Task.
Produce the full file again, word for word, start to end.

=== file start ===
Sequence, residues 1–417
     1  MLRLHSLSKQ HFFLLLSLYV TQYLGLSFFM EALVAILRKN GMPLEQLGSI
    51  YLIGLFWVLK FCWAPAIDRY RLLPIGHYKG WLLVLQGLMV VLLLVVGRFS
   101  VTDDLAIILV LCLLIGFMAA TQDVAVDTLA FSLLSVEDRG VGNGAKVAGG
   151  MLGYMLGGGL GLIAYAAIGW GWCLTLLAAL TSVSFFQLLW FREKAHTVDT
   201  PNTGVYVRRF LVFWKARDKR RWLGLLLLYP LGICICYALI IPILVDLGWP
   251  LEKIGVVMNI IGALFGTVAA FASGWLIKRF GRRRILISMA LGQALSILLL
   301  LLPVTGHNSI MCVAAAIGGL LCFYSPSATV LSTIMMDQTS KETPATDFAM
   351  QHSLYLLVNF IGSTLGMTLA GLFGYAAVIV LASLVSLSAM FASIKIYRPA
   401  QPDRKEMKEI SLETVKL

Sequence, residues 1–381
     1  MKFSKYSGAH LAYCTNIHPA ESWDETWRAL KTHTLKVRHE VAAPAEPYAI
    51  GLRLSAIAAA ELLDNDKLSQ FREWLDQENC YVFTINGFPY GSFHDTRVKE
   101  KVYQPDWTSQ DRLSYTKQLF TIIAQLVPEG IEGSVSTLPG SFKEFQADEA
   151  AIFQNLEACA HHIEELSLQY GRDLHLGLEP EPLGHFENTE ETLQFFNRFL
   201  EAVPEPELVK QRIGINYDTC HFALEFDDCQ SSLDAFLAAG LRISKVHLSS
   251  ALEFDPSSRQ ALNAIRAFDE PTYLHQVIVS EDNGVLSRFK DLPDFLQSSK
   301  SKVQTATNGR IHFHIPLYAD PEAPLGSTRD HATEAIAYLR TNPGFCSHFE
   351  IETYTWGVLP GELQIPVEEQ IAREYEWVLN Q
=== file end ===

Sequence, residues 1–417
     1  MLRLHSLSKQ HFFLLLSLYV TQYLGLSFFM EALVAILRKN GMPLEQLGSI
    51  YLIGLFWVLK FCWAPAIDRY RLLPIGHYKG WLLVLQGLMV VLLLVVGRFS
   101  VTDDLAIILV LCLLIGFMAA TQDVAVDTLA FSLLSVEDRG VGNGAKVAGG
   151  MLGYMLGGGL GLIAYAAIGW GWCLTLLAAL TSVSFFQLLW FREKAHTVDT
   201  PNTGVYVRRF LVFWKARDKR RWLGLLLLYP LGICICYALI IPILVDLGWP
   251  LEKIGVVMNI IGALFGTVAA FASGWLIKRF GRRRILISMA LGQALSILLL
   301  LLPVTGHNSI MCVAAAIGGL LCFYSPSATV LSTIMMDQTS KETPATDFAM
   351  QHSLYLLVNF IGSTLGMTLA GLFGYAAVIV LASLVSLSAM FASIKIYRPA
   401  QPDRKEMKEI SLETVKL

Sequence, residues 1–381
     1  MKFSKYSGAH LAYCTNIHPA ESWDETWRAL KTHTLKVRHE VAAPAEPYAI
    51  GLRLSAIAAA ELLDNDKLSQ FREWLDQENC YVFTINGFPY GSFHDTRVKE
   101  KVYQPDWTSQ DRLSYTKQLF TIIAQLVPEG IEGSVSTLPG SFKEFQADEA
   151  AIFQNLEACA HHIEELSLQY GRDLHLGLEP EPLGHFENTE ETLQFFNRFL
   201  EAVPEPELVK QRIGINYDTC HFALEFDDCQ SSLDAFLAAG LRISKVHLSS
   251  ALEFDPSSRQ ALNAIRAFDE PTYLHQVIVS EDNGVLSRFK DLPDFLQSSK
   301  SKVQTATNGR IHFHIPLYAD PEAPLGSTRD HATEAIAYLR TNPGFCSHFE
   351  IETYTWGVLP GELQIPVEEQ IAREYEWVLN Q